Infertility on the rise in Malaysia, says expert


Modified 4 Dec 2017, 6:04 am

Although Malaysia does not have official statistics on its infertility rates, there has been an obvious increase in the number of couples who are unable to have children despite being married for several years.

Gynaecologist Dr Azirawaty Mohd Tadzri, who is a partner at a private clinic in Ampang, Selangor, said while in the past women had the tendency to become pregnant within three months of marriage, nowadays it took them more than a year or two to conceive, although they were physically normal and have a healthy womb and eggs.

"Almost 70 percent of my patients (who have trouble starting a family) who come to me for consultation and treatment are less than 30 years old and many of them have been married for two or three years," she told Bernama in an interview.

She also said that the perception that the inability to conceive was mainly due to female infertility was no longer applicable, as studies have shown that male infertility was also on the rise due to declining sperm quality.

 "When examining sperm sample, we can determine the quality by looking at how fast they move, as well as the sperm count.

"During detailed examination under a microscope, we regularly come across unhealthy sperm and even deformed ones that feature two or three heads," she said, adding that unhealthy lifestyle habits were among the reasons for the decline in sperm quality.

According to the Vital Statistics Malaysia 2017 report, the national fertility rate in 2016 is the lowest ever recorded since the formation of Malaysia in 1963, with the fertility rate per woman aged 15 to 49 in 2016 was 1.9 babies, a decrease from 2.0 babies in 2015.

The total fertility rate in Malaysia has been below the replacement level of 2.1 babies, which is the average number of babies born per woman throughout her reproductive life has been insufficient to replace herself and her partner.

Consult a fertility expert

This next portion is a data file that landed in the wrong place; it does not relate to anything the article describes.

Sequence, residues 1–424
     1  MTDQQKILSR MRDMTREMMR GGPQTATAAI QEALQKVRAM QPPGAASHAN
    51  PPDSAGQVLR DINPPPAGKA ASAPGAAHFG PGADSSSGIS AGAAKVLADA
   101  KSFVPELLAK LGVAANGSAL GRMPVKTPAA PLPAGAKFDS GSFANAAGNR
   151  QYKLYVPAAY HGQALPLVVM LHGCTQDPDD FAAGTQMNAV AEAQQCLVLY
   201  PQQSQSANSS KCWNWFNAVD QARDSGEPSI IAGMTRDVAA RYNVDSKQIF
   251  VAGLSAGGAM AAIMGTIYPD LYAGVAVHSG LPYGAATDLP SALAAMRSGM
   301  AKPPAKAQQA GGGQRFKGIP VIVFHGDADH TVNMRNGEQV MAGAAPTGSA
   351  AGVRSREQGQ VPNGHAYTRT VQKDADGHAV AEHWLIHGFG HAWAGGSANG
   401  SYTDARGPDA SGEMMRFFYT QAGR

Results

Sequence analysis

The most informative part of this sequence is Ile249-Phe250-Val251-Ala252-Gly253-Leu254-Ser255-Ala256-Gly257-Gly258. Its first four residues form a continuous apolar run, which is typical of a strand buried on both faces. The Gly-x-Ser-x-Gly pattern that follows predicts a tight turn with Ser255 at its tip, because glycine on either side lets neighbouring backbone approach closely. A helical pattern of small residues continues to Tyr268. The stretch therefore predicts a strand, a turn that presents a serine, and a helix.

Azirawaty advised couples to consult a fertility expert if they have difficulty starting a family.

Conception occurs when sperm cell from a fertile man swims up through the vagina and into the uterus of a woman and joins with her egg cell as it travels down one of the fallopian tubes from the ovary to the uterus.

If a woman is unable to conceive naturally, she and her husband can opt for fertility treatments.

The simplest treatment is the administration of hormone injections which can stimulate the ovaries to overproduce eggs, thus increasing a woman's chances of pregnancy.

If this does not work, the couple could opt for either intrauterine insemination (IUI) or in vitro fertilisation (IVF), said Azirawaty.

IUI is a procedure during which sperm cells are injected via a catheter into the woman's uterus and up into one of the fallopian tubes. IVF involves extracting eggs from the woman and retrieving her husband's sperm sample and then manually combining an egg and sperm in a laboratory dish. The embryo is then transferred to the uterus.

"However, there is no guarantee that either of these procedures will be successful," the expert cautioned.

Stress the cause of infertility?

Azirawaty said couples living in urban areas often lead stressful lives as many of them have to hold two or three jobs in order to cope with the high cost of living.

She said fatigue could lead to women having what was termed as "sleepy" (poor functioning) ovaries.

Stressed conditions also produce hormonal imbalances in a woman, which can lead to irregular menstrual cycles.

"I've come across many cases of women who have regular periods when they are single but they (periods) become irregular after they get married. This could be due to the stress factor and it becomes more difficult for the women concerned to conceive," explained Azirawaty.

 Stress could also build up if family and relatives keep asking a couple when they intend to produce an offspring, she added.

"It gets worse when their friends share pictures of their babies on social media. Seeing such photos, they will grow even more despondent at their inability to conceive."

Azirawaty also advised couples to change their lifestyles if their infertility was due to unhealthy habits and chronic diseases like hypertension and diabetes.

Obesity could also affect the egg and sperm quality, she said, adding that couples should strive to have a normal body mass index.

"Accumulation of fat in the abdomen can cause imbalances in the production of oestrogen and progesterone (hormones) and lead to ovulation problems," she said.

She also advocated regular exercise as physical workouts improve blood circulation to the various organs and also produce the hormone called serotonin. Normal levels of serotonin in the body are known to make one feel happier and less anxious.

- Bernama